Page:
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    How to Get Started With Vinyl Records (A Guide)

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    Record PlayingWe all know how awesome vinyl records sound. Or do you? Yes, they sound awesome. But if you grew up in a time after records began to lose their popularity, you're probably not sure about this whole vinyl thing. Let's break it down nice and easy for you...

    Equipment needed:

    How to play a record

    Silly, huh? It should be common sense, but it kind of isn't if you weren't raised on records. In most cases, you just plop the record down on the turntable, turn it on, and the record will play automatically. In some cases, you may need to actually place the needle on the record after starting the turntable. Do it gentle, and you'll be fine. Other things to make sure about are the speed of the record. If you're playing a big 12" record, it will probably be a 33RPM record, although there are some exceptions. If it's a small, 7" record, it probably plays at 45RPM. Those small 45's also usually require a piece of plastic (sometimes called a spider) in the center of the record, so the spindle on the turntable holds the record properly.

    How to store a record

    I did a much more detailed post about maintaining vinyl records, but basically, you just need to treat your records with care. Don't expose them to anything nasty and you should be fine. Store them upright. Keep them out of sunlight. Try to keep them at a decent temperature. That's really all you need to know.

    How to clean your stuff

    Records, unlike digital music formats, are pretty high maintenance. They get dusty, they can't handle heat, they are prone to static cling...The list goes on. The most important thing is to keep records clean. A big part of keeping them clean is taking precaution. Try to handle them by the edges, and only with clean hands. Give them a quick wipe with a carbon fiber brush before you play and before you put the record away. If they get gunky, oily, etc, you'll want to do a more thorough (wet) cleaning. Here's a detailed post about cleaning vinyl records.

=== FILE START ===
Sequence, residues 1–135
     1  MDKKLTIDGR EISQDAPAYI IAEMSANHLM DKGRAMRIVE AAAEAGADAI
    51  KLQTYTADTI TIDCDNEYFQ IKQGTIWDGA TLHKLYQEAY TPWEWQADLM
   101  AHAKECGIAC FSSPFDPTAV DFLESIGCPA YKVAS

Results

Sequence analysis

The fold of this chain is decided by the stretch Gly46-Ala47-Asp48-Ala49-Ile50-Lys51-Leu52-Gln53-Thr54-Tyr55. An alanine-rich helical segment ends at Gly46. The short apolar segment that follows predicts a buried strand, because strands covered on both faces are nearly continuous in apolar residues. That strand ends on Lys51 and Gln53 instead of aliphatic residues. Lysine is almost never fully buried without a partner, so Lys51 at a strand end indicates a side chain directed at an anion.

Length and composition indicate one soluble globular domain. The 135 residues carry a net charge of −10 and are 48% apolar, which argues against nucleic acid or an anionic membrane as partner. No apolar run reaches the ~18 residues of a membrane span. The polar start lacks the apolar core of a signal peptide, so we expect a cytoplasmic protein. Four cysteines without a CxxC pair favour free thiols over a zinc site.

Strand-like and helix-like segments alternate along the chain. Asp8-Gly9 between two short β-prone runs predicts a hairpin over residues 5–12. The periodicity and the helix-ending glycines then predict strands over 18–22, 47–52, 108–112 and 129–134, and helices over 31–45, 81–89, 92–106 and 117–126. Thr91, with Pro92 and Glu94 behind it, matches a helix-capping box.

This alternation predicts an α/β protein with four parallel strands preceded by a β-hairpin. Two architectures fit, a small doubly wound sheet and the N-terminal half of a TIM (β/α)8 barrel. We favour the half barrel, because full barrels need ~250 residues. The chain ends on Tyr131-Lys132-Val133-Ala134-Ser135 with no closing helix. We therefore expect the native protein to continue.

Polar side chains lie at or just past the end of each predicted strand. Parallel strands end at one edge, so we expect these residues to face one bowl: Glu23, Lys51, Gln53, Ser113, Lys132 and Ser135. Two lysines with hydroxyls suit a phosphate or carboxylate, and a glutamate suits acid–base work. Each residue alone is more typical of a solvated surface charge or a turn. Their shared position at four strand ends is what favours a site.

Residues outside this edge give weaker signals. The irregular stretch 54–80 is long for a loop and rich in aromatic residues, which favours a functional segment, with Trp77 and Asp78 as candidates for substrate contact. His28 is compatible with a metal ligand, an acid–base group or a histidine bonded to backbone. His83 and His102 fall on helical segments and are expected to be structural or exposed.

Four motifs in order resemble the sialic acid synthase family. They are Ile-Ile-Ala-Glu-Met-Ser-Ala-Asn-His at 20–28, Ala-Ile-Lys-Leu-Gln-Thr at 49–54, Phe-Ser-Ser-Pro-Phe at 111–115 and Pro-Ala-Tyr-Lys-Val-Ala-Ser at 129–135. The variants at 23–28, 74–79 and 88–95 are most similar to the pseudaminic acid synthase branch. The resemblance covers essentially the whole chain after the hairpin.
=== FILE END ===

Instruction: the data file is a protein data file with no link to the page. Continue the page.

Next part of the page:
What it's all about (The love of music):

    Ultimately, vinyl records are about the music. I know there are some audio snobs and old hippies that like to get all high and mighty about the sound (and digital audio enthusiasts who say digital is better), but the truth is it doesn't matter. I want my music to sound the best it can, but I also just want to hear music, regardless of the format. If you're just getting started in vinyl records, follow your heart. If you like how it sounds, the experience, and everything else that goes with it, then it's all good!

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    Topics: Uncategorized | 5 Comments »

    5 Responses to “How to Get Started With Vinyl Records (A Guide)”

    1. melancholicSymphony Says:
      August 5th, 2011 at 3:28 pm

      excellent! thank you! I am just starting into getting into vinyls… I am clueless about all the good music. And how I regret it! I am looking into buying record players, vinyls, and even working at a Record store locally!

    2. Alan Says:
      August 6th, 2011 at 12:23 pm

      Welcome to the community! I always recommend getting some of the classics from the vinyl era (50’s – 80’s), but I also know that lots of indie artists are releasing their music on vinyl as well. The most important rule is to have fun (and take care of your vinyl!)

    3. melancholicSymphony Says:
      September 25th, 2011 at 11:10 am

      Thank you.. I surely will look into the 50’s – 80’s. I need some advice, Alan. Should I go to thrift stores/garage sales to find a antique of a record player? Or order a brand new one online? Oh yes, what is the difference between turntable and record player? And what is a phono input or anything related to phono?..

    4. Alan Says:
      September 25th, 2011 at 12:03 pm

      Hi there! Thanks for visiting. To answer your questions:
      You can certainly find plenty of record players in thrift stores and at garage sales, but you never know what shape they’re in. Unless you can’t afford a new record player, I’d buy a new one.

      Turntables and record players are the same thing. Geeks tend to prefer the term ‘turntable’, but it doesn’t really matter.

      The phono input is specifically for turntables (aka PHONOgraph). It has a pre-amp, which amplifies the signal coming from the record, and also provides equalization for the ‘RIAA curve’. Don’t worry about the specifics, just be sure you plug your turntable into the phono input.

    5. Mike LaFoote Says:
      March 1st, 2012 at 10:44 am

      Great info BUT I own a “Spin Clean” record washer and found that it does a really great job for under $100 USD. It is a little time consuming but I have cleaned over 400 records with it so far and have no complaints. It will clean any size vinyl record you may have. Just give yourself some space to work and a few hours a day and you can do your whole collection and know that they are all clean and ready to play or sell.

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